|Salary range (USD/month)
|Mexico City, Chiapas
|$800 – $1500
The level of demand for native speakers in Mexico is very high.
Unfortunately, TEFL salaries are relatively low and despite reasonably low living costs you certainly won’t be able to save much, if at all. As in most Latin American countries, the students are lively and sociable and therefore a pleasure to teach.
There is a high turnover of staff at many language centers which says a great deal about the pros and cons. Employers can be unreliable and have unreasonable demands such as the common one that you are effectively ‘on-call’ from 8 am to 8 pm or similar. You are rarely paid for traveling from one location or class to another and this can take up a significant chunk of your daily schedule. There are lots of other native speakers looking for short-term employment but many leave after just a few months due to the poor pay and the fact that many private students cancel at short notice (and therefore don’t pay you). If you are experienced and hard-working then you may be lucky to find one of the few well-paid positions, such as those at bilingual schools.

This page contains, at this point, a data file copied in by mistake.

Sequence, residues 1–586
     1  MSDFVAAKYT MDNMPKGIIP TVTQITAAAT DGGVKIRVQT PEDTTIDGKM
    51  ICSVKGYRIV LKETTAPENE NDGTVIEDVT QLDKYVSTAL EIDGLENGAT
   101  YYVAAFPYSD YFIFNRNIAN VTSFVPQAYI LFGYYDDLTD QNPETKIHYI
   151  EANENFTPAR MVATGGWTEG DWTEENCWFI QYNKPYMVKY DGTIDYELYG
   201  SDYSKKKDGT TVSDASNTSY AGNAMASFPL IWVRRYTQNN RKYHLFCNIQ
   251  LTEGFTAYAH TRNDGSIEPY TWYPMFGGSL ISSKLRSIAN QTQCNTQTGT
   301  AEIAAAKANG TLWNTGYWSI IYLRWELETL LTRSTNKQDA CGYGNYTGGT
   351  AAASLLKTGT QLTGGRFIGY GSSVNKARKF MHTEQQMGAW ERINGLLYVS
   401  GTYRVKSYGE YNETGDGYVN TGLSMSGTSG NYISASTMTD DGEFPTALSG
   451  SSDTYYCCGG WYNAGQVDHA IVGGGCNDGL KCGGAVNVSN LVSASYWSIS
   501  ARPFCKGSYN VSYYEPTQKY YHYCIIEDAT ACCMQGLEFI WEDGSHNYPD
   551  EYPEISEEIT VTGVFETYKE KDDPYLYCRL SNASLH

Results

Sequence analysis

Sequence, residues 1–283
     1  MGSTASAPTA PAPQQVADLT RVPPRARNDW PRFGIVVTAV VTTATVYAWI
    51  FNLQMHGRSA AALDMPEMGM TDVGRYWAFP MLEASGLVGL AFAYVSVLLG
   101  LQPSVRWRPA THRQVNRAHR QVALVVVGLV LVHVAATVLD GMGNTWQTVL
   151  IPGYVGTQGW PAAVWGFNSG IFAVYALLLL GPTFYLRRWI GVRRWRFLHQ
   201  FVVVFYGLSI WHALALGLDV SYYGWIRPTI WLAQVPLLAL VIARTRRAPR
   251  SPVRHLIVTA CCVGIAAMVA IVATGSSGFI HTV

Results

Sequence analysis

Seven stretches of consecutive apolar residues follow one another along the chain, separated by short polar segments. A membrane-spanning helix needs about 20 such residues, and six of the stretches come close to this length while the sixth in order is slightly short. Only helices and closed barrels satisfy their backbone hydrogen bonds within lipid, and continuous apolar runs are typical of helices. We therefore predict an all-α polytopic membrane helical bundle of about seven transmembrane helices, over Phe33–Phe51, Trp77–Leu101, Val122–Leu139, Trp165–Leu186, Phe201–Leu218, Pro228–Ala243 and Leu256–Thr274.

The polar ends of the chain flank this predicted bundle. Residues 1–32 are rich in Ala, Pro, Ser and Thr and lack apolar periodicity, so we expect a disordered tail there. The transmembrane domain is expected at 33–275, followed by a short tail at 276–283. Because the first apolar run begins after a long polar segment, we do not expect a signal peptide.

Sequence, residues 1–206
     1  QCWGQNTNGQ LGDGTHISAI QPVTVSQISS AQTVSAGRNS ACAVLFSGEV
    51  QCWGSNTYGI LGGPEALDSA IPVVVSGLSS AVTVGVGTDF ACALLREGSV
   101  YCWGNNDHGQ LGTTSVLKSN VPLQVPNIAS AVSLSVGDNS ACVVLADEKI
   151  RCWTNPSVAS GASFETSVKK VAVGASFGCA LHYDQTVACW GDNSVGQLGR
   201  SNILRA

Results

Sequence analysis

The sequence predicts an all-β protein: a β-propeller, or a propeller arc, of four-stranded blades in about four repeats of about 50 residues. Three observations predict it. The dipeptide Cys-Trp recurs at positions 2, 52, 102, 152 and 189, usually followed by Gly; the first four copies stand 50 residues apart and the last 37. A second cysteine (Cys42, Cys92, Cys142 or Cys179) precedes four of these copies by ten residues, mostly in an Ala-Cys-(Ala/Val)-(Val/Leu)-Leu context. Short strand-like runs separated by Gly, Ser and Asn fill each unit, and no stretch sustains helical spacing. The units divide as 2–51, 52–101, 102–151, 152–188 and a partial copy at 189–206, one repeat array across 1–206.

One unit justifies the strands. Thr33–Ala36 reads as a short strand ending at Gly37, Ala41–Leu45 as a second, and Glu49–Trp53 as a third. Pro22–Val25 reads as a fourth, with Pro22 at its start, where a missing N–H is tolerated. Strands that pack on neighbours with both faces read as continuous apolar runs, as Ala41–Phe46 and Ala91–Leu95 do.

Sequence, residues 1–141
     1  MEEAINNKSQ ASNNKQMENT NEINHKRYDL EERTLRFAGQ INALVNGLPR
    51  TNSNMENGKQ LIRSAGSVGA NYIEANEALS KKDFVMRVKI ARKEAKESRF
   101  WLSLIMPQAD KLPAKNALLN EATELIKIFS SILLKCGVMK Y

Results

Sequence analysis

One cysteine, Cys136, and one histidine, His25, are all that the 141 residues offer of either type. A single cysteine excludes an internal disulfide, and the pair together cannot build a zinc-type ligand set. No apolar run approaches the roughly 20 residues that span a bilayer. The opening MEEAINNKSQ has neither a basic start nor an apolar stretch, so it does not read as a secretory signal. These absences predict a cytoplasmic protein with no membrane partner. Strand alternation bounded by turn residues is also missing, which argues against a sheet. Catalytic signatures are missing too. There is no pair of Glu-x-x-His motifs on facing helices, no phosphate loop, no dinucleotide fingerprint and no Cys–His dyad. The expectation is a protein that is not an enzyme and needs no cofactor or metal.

For the majority, however, teaching English in Mexico is a fun experience for a short period of time but certainly not a serious career option.
Typical Requirements and Tips
A CELTA or TEFL certificate is not strictly necessary, but you will find that if you have one you are eligible for better jobs and better pay. You’ll also be a more confident teacher.
Given the low salaries, you may need to supplement your income with extra, private one-to-one tuition. Contacts are essential and found via word of mouth and through local adverts and websites.
American and Canadian teachers may be at a slight advantage.
Your employer is responsible for obtaining your work permit (FM3 visa). However, in reality, many work illegally. Despite the flexibility this allows, this is not recommended for obvious reasons. Mexican bureaucracy can drive even the most patient person insane and you should expect to have original documentation translated into Spanish in order to process your work visa. Most teachers arrive on a tourist visa because finding work before you arrive is very rare.
The cost of living is low but you will probably have to share accommodation with another teacher at first.
Pros of Teaching in Mexico
- High demand
- Overall, fantastic and sociable students
- There are plenty of other teachers in Mexico so you should have a good social network with both foreigners and locals alike
Cons of Teaching in Mexico
- Generally, low pay and many employers are reluctant to offer proper, full-time contracts
- Teachers are usually expected to work split shifts and spend a lot of time traveling (which is unpaid)
- It is very difficult to find work unless you are already in the country